Ex-Yorkshire School Pupil Charged Over £1.3 Billion Fraud
16 September 2011, 16:07 | Updated: 30 March 2016, 13:50
A suspected rogure trader, who went to a West Yorkshire school's been charged over a £1.3 billion fraud at banking giant UBS.
31 year old Kweku Adoboli will appear before magistrates this afternoon, accused of carrying out unauthorised deals while working for the Swiss City firm.
Adoboli, son of a former Ghanaian official for the United Nations, was arrested at his desk in a swoop by police in the early hours yesterday.
He wept in the dock as he appeared at City of London Magistrates this afternoon charged with fraud by abuse of position and false accounting.
Adoboli was listed as director of Exchange Traded Funds (ETF) and Delta-1 Trading at UBS Investment Bank in his profile on LinkedIn, the social networking site for professionals.
ETFs are an investment fund traded on stock exchanges, much like stocks, which hold assets such as stocks, commodities or bonds.
UBS, which has 6,000 staff in the UK, saw its shares slide 10% yesterday after it revealed a loss of £1.3 billion on unauthorised trading which could tip the bank into the red for the third quarter. The stock was 3% higher today.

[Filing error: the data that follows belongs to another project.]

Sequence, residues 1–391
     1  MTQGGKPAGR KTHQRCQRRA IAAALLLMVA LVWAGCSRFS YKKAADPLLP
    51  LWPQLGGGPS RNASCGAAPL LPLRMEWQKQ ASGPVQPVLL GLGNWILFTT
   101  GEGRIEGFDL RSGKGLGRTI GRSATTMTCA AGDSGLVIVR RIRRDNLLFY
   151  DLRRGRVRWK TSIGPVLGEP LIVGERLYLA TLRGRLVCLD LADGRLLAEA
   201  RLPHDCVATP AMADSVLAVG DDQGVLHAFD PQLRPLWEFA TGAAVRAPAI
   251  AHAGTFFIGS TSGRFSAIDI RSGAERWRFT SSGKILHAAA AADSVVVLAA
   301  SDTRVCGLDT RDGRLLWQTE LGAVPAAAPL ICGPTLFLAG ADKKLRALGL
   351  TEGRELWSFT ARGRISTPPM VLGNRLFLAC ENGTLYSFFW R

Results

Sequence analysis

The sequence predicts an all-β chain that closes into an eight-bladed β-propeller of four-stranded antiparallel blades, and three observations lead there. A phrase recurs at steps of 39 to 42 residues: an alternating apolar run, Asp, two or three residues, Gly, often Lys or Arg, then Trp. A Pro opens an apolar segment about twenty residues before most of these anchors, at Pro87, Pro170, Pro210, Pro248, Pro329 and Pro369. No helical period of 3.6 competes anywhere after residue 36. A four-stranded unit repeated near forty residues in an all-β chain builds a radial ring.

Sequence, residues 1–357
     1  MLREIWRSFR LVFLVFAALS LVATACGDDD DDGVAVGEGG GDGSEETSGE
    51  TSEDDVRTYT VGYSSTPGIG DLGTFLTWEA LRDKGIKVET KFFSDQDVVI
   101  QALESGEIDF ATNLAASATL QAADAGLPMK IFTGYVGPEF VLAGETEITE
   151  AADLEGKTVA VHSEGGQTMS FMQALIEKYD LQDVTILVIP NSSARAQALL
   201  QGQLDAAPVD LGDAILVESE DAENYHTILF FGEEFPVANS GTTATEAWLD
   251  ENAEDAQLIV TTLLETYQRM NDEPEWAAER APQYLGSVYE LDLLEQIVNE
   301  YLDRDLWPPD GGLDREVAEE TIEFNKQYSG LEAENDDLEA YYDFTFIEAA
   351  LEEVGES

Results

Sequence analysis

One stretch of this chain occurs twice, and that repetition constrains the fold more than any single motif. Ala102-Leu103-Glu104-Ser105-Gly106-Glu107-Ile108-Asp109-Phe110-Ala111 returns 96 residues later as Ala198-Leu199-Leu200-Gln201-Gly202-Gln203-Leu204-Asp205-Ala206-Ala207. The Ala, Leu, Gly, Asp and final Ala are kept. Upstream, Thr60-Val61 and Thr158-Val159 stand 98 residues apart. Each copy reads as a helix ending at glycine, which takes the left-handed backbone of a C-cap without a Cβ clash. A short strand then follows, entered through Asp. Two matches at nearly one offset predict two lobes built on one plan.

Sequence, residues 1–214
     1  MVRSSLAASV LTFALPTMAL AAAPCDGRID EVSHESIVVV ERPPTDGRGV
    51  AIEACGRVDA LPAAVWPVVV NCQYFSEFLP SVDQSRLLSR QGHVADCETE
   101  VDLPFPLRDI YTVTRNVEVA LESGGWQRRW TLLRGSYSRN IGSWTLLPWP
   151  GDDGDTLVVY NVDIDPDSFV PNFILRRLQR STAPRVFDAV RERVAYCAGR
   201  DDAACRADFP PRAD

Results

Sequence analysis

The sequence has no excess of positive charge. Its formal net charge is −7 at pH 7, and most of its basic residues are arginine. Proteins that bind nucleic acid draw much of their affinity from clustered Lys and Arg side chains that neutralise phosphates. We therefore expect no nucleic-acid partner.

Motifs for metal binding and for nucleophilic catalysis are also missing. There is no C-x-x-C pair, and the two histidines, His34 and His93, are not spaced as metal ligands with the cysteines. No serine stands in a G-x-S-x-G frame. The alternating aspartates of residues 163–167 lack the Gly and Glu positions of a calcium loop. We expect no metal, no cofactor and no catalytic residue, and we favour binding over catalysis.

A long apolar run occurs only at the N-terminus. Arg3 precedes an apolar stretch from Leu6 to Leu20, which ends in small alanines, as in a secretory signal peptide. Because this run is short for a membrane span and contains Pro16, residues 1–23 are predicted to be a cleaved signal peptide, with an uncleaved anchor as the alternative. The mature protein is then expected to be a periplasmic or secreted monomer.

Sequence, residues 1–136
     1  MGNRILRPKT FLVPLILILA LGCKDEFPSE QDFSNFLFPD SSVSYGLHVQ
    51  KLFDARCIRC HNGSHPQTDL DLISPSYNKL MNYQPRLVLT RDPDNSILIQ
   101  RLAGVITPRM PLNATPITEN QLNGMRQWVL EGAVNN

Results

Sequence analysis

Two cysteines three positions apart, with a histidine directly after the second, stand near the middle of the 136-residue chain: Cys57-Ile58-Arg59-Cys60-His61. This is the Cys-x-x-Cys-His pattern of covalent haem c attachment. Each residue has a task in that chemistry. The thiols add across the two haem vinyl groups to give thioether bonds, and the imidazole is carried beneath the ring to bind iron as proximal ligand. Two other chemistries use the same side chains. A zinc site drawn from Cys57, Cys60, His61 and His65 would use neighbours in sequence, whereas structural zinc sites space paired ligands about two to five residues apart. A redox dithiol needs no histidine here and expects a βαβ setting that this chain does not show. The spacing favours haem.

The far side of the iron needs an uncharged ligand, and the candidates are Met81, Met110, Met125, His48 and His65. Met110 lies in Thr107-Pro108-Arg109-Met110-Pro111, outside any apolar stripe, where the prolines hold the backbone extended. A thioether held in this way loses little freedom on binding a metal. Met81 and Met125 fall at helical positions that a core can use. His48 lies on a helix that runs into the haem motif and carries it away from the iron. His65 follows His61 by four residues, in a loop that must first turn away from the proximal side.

The disclosure heightened calls for greater regulation in the banking industry.
A Swiss newspaper today reported that UBS will cut jobs at its investment banking unit, with ``massive'' savings due to be announced on November 17.
The bank has already been hit by global growth fears and last month said it would reduce its overall headcount by 3,500 as part of a move to save two billion Swiss francs (£1.5 billion) by the end of 2013.
De was taken on by Swiss banking giant UBS in 2006 as a trainee investment adviser, according to the FSA register.
He lived in a £1,000 per week apartment in Brune Street, Shoreditch, London, until he moved out four months ago.
His father John Adoboli is a former United Nations staff officer, who lives in Tema, Ghana.
UBS, which has three keys in its logo symbolising 'confidence, security and discretion', has said no client funds were affected by the trading loss.